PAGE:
Highly sensitive astronomical sensors are being adapted for commercial, terrestrial uses in security, quality control and medical imaging.
The technology, which is being developed by QMC Instruments, was originally used in space telescopes such as Plank and Herschel to peer into the far corners of the universe.
It focuses on terahertz radiation, the far infrared and microwave portion of the electromagnetic spectrum that astronomers use to study the Cosmic Microwave Background and dust clouds where stars are born.
In the past decade or so there has been increasing interest in producing and detecting terahertz radiation from terrestrial sources. Indeed, the latest generation of airport body scanners emit terahertz radiation at a defined frequency, which passes through clothes and to a lesser extent the body, but not metals.
However, the latest technology differs in that it is entirely passive, and is able to detect small amounts of terahertz radiation from endogenous sources such as the human body and certain objects such as explosives — essentially acting like a video camera, viewing the contrast in real time.
‘Astronomers are only interested in one thing and that’s sensitivity, so if you’ve got fabulously sensitive detectors you can do passive imaging if you’ve got the right combination of technologies, which is what we’re putting together,’ said Ken Wood, an astronomer by training, who is now a director at QMC.
As well as unprecedented sensitivity, there are a number of other advantages, including the negation of safety concerns (since no external radiation is actually emitted) and the ability to finely tune the camera to detect specific terahertz frequencies corresponding to certain objects of interest while blocking others.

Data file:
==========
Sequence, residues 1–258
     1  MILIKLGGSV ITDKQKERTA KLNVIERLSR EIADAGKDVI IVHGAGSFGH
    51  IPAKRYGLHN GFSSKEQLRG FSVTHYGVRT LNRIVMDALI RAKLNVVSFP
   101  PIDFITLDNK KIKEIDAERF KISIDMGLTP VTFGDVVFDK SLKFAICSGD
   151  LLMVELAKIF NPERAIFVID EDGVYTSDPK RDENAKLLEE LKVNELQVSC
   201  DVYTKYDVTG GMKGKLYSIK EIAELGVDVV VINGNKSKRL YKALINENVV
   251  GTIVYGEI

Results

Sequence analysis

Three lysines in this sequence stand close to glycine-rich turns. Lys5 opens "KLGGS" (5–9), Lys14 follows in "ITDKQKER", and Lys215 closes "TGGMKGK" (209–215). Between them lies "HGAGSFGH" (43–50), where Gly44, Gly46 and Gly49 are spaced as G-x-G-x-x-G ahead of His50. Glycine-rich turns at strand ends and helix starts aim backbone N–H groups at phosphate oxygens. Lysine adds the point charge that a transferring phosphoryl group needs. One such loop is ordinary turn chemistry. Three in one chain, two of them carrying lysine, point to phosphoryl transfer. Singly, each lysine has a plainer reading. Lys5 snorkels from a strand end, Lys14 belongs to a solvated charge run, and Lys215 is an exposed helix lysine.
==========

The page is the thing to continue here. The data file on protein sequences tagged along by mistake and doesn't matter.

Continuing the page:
The team has now built a demonstrator, dubbed KIDCAM, although there were significant challenges to replicate the sensors on board Plank and Herschel, which are cryogenically cooled to temperatures close to absolute zero (-273°C) to prevent internal interference.
‘If you want to hear a pin drop in the Albert Hall you don’t go on the last night of the proms — you have to quieten things down and that’s what you’re doing by making things cold,’ Wood said.
The team managed to create a closed-loop system using electrical cooling that does not require a constant supply of liquid gases pumping through the device.
As well as more obvious applications such as security, the KIDCAM could have uses in processes such as quality control in manufacturing processes.
’What normally happens in industry is when materials are mixed or a device is made, in order to check that the process is working properly they have to take materials out of the line process and analyse them separately — KIDCAM would be able to identify homogeneity and underlying structure,’ Woods said.
Also, since cancerous tissues seem to have a subtly different terahertz radiation signature to normal surrounding tissues, it could be used in diagnosis.
‘I’m pretty sure somewhere there’s going to be a killer application, where a technique based on terahertz frequency shows a kind of information that can’t be got another way,’ Woods added.